Whilst therapeutic treatments are being researched to help patients who are suffering severe problems due to Covid-19, the real solution to this disease is the development of an effective vaccine. At the time of writing, October 2020, there are over 150 different teams working across the world in order to find one. Vaccines usually take many years to develop but because of the need to find one quickly and the fact that a huge amount of money is being spent on research, about 10 of them are already into the final Phase 3 human testing stage.
Two that show a lot of promise are being developed in the United Kingdom; one at Oxford University and another at Imperial College in London. They have approached the problem from different angles but are showing some early success in the laboratory. Although different, they are both being developed to target the spikes sticking out from the virus particles that were discussed in an earlier article.
The research based in Oxford under Professor Sarah Gilbert is aimed to work in the following way. They have taken a common cold virus which is prevalent in chimpanzees and weakened it. Next they made some genetic modifications to the cold virus which means that only the spikes are produced and not the rest of the Covid-19 virus.
When it is injected into a patient, they will not catch the disease but the immune system will recognise the spikes as intruders and produce antibodies against them. Then in the future, if the vaccinated person comes into contact with the real virus, the antibodies present will render it ineffective. The team at Oxford are quietly confident that this will work but of course, nothing is guaranteed.
The project at Imperial College under Professor Robin Shattock is different but still relies on the body recognising the spikes from the virus and producing antibodies to fight future infections. The major difference in approach is that the Imperial group of researchers want the vaccine to instruct the patient’s body to produce the spikes without the accompanying virus and from this, the body to produce the antibodies.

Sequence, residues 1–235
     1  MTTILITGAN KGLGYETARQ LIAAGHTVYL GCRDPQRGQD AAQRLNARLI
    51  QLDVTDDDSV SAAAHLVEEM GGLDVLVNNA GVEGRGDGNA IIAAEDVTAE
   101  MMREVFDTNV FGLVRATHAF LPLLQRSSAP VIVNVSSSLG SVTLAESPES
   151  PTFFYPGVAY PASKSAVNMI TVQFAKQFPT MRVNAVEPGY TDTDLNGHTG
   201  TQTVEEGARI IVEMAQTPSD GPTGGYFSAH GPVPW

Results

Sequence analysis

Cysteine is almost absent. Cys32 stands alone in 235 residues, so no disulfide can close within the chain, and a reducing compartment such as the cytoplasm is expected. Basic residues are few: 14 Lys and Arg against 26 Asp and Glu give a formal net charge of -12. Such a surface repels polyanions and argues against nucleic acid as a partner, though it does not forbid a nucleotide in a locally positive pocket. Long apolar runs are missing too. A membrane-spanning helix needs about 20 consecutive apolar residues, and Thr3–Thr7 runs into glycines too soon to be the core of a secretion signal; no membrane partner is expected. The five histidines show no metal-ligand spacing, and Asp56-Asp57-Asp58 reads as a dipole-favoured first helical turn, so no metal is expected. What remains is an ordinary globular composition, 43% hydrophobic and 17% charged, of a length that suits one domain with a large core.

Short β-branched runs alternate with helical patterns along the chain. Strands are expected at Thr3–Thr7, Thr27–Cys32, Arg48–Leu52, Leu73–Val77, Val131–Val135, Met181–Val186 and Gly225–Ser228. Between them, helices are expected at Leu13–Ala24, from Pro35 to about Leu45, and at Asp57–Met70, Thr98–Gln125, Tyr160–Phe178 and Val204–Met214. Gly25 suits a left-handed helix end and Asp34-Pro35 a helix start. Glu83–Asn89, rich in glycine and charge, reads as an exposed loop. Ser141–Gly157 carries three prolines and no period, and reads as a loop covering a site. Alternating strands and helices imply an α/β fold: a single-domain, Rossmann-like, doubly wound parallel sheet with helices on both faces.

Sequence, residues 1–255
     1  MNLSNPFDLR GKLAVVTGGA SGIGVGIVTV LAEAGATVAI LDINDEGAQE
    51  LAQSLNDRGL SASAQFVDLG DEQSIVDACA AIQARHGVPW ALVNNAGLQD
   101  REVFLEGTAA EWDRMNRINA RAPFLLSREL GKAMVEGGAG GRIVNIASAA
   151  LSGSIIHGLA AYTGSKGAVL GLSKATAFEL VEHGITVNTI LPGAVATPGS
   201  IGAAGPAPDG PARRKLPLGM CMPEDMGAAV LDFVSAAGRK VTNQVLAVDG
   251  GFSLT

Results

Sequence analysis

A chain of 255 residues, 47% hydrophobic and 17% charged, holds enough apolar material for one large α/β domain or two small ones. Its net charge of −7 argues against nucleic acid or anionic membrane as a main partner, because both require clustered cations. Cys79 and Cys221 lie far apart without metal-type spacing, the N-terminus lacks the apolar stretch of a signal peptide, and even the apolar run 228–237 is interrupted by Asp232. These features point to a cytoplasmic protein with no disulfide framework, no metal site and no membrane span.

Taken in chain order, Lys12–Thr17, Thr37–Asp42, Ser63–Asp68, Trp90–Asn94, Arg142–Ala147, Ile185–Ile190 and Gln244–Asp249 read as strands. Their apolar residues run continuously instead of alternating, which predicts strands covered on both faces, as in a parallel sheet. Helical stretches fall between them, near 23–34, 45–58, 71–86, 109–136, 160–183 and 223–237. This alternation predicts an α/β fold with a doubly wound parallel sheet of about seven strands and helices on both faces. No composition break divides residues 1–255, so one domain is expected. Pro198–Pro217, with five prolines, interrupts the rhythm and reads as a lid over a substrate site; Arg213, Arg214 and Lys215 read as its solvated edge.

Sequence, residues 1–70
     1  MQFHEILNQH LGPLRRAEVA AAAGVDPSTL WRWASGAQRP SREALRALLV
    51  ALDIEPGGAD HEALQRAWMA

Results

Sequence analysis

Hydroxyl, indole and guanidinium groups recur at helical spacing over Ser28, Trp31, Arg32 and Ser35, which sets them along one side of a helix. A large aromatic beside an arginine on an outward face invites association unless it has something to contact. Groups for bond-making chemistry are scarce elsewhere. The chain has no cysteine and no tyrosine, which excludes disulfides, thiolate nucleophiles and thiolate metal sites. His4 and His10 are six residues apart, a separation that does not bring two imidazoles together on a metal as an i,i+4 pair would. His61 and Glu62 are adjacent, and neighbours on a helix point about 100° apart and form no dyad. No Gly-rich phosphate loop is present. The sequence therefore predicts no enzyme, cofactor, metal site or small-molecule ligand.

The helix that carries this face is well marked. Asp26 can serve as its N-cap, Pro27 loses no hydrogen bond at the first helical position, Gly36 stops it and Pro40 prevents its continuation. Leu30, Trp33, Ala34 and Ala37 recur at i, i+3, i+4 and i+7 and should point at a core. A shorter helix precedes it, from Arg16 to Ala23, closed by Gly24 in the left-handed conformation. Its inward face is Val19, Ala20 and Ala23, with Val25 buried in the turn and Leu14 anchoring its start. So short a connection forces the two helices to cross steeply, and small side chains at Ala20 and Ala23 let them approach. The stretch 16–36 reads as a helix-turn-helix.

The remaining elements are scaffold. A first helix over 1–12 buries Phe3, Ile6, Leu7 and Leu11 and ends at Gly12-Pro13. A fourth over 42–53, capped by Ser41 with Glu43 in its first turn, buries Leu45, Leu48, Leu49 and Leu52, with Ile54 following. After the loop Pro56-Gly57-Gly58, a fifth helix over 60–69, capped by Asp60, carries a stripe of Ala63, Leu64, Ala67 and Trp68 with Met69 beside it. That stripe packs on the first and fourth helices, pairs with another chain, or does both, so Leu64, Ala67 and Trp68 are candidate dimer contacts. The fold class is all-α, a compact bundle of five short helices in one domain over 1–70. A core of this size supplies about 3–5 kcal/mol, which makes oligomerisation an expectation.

Therefore the vaccine consists of strands of genetic material which instructs the patient’s muscle cells to produce the spikes. If you remember from a previous article, the virus hijacks a cell’s manufacturing ability to produce more virus particles. In this case, the vaccine instructs the cell to produce just the spikes. Professor Shattock in a recent television interview was also quietly optimistic. Both teams are hoping to be very close to an answer by the end of 2020 or early 2021.
In addition, another vaccine being produced by research companies including Pfizer is also getting close to completing their final trials. Early reports say that the production of both antibodies and T-Killer cells is very promising. It is likely that we will end up with a variety of vaccines which will work and we may find that different ones are more suitable for different groups of people. We may also have to have booster shots in the future like the seasonal flu vaccine. To date, we have identified about four strains of the virus but laboratory experiments are showing that many of the vaccines are effective against all strains.
As I said before, there are many other teams across the world working on various ways to produce a viable and effective vaccine. From what we understand of the virus, an effective vaccine will be the answer to this problem. But until then, remember to wash your hands with soap, wear a face mask in indoor and crowded areas and try to maintain a gap of 2 metres from the person next to you.
In this way, we will stop the virus from spreading. And soon, with everyone doing their part and the amazing science which is taking place around the world, we will emerge from this pandemic and resume a more normal life.